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Arrian's Discourses of Epictetus
That when we cannot fulfil that which the character of a man promises, we assume the character of a philosopher.
What is the matter on which a good man should be employed, and in what we ought chiefly to practise ourselves.
1 The original is θεωρητικῶν φαντασιῶν, which is translated in the Latin version 'visa theoretical,' but this does not help us. Perhaps the author means any appearances which are presented to us either by the eyes or by the understanding; but I am not sure what he means. It is said in the Index Graecitatis (Schweig.'s ed.): 'φαντασίαι θεωρητικαί, notiones theoretical, iii. 20. 1, quibus opponuntur Practicae ad vitam regendam spectantes.'
2 Menoeceus, the son of Creon, gave up his life by which he would
save his country, as it was declared by an oracle. (Cicero, Tuscul. i. e. 48.) Juvenal (Sat. xiv. 238) says
Quarum Amor in te
Quantus erat patriae Declorum in pectore; quantum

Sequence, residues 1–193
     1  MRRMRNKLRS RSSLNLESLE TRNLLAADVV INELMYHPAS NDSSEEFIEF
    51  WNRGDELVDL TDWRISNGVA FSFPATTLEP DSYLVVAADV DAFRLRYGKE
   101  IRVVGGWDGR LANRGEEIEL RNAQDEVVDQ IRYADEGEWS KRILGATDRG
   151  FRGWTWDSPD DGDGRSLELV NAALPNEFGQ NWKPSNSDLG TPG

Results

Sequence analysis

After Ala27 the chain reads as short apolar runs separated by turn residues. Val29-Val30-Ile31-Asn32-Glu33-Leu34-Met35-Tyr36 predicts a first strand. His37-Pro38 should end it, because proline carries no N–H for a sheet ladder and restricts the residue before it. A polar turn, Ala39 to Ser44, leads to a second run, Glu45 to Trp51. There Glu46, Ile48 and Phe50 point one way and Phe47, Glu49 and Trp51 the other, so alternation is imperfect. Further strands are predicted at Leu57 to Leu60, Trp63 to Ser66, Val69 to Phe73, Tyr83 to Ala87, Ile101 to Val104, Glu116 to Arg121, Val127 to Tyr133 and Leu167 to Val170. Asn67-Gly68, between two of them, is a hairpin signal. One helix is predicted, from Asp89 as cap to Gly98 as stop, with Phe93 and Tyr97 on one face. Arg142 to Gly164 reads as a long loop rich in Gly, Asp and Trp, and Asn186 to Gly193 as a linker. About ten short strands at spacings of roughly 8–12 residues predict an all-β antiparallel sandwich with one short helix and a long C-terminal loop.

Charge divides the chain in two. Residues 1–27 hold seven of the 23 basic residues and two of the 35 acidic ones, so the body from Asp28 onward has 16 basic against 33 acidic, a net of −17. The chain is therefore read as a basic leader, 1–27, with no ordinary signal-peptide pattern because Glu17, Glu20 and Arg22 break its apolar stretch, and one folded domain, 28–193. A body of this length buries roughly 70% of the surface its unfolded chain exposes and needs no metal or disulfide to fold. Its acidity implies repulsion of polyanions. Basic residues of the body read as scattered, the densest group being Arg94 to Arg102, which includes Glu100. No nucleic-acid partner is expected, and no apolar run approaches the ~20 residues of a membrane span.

Dilexit Thebas, si Graecia vera, Menoeceus.
3 See Schweig.'s note.
4 The father of Admetus was Phe es (Euripides, Alcestis)
5 The meaning is not clear, if we follow the original text. Schweig. cannot see the sense 'with both hands' in the Greek, nor can I. He also says that in the words ἆρον ὑπὲρ ἀμφοτέρας unless some masculine noun is understood which is not expressed, ἐκεῖνος must be referred to the aliptes; and he translates βαρύτερος by 'severior.'
6 Mrs. Carter quotes the epistle to the Romans (viii. 28): 'and we snow that all things work together for good to them that love God'; but she quotes only the first part of the verse and omits the conclusion, 'to them who are the called according to his purpose.'
7 See Schweig.'s note.
9 Some abusive fellow, known to some of the hearers of Epictetus. We ought perhaps to understand the words as if it were said, 'each of you ought to say to himself, Good luck to Lesbius etc.' Schweig.'s note.
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